I have some new flash fiction up at The Margins! It’s a story about a cyst, a relationship, and excising things from your life no matter how painful.
It’s been a month of a lot of (good) change! I was selected as a Center for Fiction fellow and I recently accepted a new job offer. I was looking back on all of my newsletters and realized I’ve never written about celebrating your wins. In a letter I’d written to my future self, I’d even noted “celebrating accomplishments big and small” as an area to improve upon. To be honest, I’m really bad about doing this. I worry that making a big deal about things feels gauche. I share Brandon Taylor’s superstition that good news is often counterbalanced by bad news:
I am not a person who celebrates things. I am trying to become a person who celebrates things, but for most of my life, I hid away from good news. [...] It’s always felt that whenever something good happens to me, that something bad must happen too in order to even out things.
I also have a tendency to shift the focus of my attention quickly. I’ll feel excited for all of five minutes before I start worrying about logistics, details, or next steps. Rarely will I let myself just bask in an accomplishment—not diminishing it or qualifying it, but just sitting in that moment with full recognition.
The writing life in particular is so full of rejection and I’ve loved seeing how writers have celebrated their publishing milestones. Delia Cai shared some advice to “celebrate your debut novel in the same way you might celebrate a wedding.” For the launch of The Night Parade by Jami Nakamura Lin (illustrated by her sister Cori), they organized a family-friendly festival and costume party celebrating their Japanese, Taiwanese, and Okinawan American cultural communities. To celebrate signing with an agent, Hurley Winkler danced ecstatically to a Talking Heads song.
Of course, milestones don’t always have to be as big as book deals or awards. You should set your own goals and celebrate those too. Last year when I set my first annual rejection goal, my partner got me a card to celebrate my first rejection.
The important thing—and perhaps this is what’s most difficult about celebration—is the vulnerability needed to share your dreams, goals, and hopes with others. Of course, it’s important to define your own rituals or rewards. We all need a little treat to survive. But so much joy and perspective comes from being celebrated by others who understand the personal significance of your efforts.
Yesterday was my last day after seven years at my job. My friend bought me lunch. My sister wrote me a heartfelt card. E bought a bottle of champagne and we toasted to my new chapter over Papa John’s Jack O’Lantern pizza. The champagne made us burp a lot and we laughed. A former coworker messaged me this morning and wished me a happy first day of funemployment. Tonight, I met a friend (for the first time in person!) and we listened to some live music over strong cocktails. I decided to get an espresso martini because hey, I don’t have to work tomorrow!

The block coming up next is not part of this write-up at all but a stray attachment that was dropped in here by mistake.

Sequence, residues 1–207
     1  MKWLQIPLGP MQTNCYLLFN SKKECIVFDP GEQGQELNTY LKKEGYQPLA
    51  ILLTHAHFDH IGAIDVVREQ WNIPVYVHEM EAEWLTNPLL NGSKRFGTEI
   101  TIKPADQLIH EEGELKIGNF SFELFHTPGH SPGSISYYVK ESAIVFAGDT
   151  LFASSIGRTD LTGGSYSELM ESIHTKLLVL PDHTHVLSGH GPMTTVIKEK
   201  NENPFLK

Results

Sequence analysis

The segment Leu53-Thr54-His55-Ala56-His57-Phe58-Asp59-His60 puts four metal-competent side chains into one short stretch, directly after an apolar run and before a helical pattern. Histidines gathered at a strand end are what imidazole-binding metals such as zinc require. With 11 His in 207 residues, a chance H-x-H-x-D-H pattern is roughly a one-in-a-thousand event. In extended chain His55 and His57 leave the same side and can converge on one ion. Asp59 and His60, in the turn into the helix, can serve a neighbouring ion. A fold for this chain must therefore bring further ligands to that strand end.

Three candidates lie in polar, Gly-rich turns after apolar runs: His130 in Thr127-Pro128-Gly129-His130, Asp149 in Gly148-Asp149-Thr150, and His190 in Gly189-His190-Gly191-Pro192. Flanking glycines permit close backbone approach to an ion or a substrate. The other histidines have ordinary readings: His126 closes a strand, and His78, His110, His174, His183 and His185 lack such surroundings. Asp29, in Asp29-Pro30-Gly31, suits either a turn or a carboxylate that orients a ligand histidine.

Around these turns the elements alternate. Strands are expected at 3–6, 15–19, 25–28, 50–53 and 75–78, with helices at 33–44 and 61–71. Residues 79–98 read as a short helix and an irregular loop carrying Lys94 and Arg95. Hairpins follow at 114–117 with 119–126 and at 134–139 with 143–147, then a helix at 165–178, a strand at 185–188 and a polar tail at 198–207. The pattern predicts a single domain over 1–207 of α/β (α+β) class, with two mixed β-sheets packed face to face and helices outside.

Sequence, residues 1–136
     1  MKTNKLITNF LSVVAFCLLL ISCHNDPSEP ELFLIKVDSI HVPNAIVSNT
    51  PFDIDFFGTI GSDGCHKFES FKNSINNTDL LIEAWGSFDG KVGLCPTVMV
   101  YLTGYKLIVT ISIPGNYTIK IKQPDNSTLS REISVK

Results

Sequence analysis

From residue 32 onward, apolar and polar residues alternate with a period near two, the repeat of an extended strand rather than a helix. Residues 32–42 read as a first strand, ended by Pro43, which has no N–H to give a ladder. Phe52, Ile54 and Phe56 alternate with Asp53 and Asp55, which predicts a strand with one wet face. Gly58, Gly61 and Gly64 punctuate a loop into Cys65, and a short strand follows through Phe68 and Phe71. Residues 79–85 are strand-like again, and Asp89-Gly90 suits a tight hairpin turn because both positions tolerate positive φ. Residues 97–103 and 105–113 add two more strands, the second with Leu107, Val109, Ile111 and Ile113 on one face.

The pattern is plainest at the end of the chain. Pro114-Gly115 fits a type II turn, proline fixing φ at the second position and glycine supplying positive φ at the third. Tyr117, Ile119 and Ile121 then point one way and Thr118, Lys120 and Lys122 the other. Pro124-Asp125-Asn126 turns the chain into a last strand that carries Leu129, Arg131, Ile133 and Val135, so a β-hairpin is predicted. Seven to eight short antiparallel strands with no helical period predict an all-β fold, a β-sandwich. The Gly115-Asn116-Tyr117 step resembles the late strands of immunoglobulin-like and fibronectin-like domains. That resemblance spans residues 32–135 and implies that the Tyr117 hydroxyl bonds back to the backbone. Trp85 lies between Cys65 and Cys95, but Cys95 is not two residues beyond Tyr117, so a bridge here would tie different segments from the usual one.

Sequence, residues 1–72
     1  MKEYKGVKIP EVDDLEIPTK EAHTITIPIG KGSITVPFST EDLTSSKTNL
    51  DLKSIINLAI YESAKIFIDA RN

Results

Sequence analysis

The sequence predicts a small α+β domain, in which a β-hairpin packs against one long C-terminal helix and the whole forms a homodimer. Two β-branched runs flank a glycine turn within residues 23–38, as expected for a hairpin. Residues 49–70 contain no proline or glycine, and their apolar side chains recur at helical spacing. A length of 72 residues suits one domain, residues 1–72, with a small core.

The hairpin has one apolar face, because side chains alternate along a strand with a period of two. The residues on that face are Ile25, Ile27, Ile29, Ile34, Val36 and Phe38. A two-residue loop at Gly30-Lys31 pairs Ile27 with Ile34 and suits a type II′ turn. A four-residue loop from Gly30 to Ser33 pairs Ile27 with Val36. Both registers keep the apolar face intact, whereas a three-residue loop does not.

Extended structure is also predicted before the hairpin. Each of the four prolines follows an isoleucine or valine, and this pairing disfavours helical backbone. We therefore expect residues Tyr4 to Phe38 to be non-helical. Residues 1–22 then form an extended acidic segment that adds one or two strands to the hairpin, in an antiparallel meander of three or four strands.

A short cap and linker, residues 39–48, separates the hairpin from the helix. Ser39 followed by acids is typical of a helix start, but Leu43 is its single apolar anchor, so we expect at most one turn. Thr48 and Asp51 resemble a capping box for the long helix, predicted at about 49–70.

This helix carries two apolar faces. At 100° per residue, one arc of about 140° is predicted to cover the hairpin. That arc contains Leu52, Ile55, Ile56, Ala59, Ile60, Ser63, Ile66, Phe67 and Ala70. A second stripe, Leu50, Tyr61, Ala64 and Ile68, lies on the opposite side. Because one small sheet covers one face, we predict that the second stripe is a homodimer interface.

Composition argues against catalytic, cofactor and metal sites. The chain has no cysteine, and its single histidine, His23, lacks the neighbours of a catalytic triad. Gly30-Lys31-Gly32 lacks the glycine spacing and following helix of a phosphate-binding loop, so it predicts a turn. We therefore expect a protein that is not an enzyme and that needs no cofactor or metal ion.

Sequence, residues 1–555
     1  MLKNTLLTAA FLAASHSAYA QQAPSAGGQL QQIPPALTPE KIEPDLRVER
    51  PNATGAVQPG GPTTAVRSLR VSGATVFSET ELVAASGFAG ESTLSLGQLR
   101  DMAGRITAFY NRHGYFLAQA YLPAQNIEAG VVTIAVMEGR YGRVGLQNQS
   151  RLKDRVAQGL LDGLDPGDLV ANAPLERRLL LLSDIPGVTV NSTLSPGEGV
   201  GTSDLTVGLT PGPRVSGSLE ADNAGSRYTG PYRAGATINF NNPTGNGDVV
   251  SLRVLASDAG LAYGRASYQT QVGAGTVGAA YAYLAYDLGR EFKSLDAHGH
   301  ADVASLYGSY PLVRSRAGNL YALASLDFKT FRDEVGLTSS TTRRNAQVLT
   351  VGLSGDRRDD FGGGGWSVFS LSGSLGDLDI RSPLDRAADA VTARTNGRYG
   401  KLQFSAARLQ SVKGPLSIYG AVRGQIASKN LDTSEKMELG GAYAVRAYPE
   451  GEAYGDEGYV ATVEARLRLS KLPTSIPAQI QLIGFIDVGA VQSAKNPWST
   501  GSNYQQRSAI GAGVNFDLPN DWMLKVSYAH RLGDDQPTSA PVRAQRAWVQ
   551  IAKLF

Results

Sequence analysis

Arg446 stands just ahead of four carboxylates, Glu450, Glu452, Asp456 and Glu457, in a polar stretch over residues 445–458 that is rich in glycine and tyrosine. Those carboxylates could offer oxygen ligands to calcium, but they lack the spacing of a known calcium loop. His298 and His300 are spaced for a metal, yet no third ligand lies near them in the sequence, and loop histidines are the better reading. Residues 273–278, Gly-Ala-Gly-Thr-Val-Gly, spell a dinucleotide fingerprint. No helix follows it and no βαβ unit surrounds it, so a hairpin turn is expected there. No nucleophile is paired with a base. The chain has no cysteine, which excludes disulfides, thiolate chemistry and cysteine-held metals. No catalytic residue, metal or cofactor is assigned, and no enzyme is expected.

As Brandon Taylor writes about getting dinner with a friend on his most recent publication day, “I felt for the first time in a long time, maybe my life, a real weightless joy.”
Celebration isn’t necessarily something flashy or expensive. It can be a text message with copious emojis that finds you at just the right moment. It can be a comforting meal. It can be a change in your routine. It can be a quiet moment of reflection. Celebration is whatever makes you feel that real weightless joy.
What are your favorite ways to celebrate your accomplishments?
- I enjoyed this Vox article on the art of quitting: “Instead of looking back on how much you’ve invested in the past, Hendriksen says to focus on the future: How much would it cost you — in time, energy, or both — to continue? Is it worth it?”
- “7 Craft Books to Help You Become a Better Writer” by Kyla D. Walker
- An excellent essay by Cat Hicks on craft (via the Everything Changes blog)
- Sheila Heti on the importance of trusted readers: “Art is made in the space between the artist and their early, chosen readers, a space that is filled with love, and with the pleasure of mutually solving a puzzle with care.”
- Some strategies to come up with a great title for your book!
Recent reads & other media
I finished The Neighbor Favor by Kristina Forest, which is a cozy You’ve Got Mail-esque romance. I really enjoyed Joan Is Okay by Weike Wang, whose restrained but wry narrator works through her grief in the early days of the pandemic. I liked Wang’s first novel, Chemistry, as well as her short fiction, and her latest novel continues to explore Chinese American identity, understated grief, and our subjective definitions of personhood.
In space movies, my sister and I watched Interstellar and some friends and I watched Aliens. E and I saw Killers of the Flower Moon and The Killer, neither of which I was blown away by but attempted interesting things. The Killer had some humorous moments, but ultimately doesn’t let itself be as absurd as it could be.
Recently read short stories: Nothing recently!
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~ meme myself and i ~
When the meeting starts running over. Finally eating the emergency snack at the bottom of your bag. Do you have this incredible talent? Go outside, touch grass, look water. I love going with the flow. That friend who wants to be good at watching movies.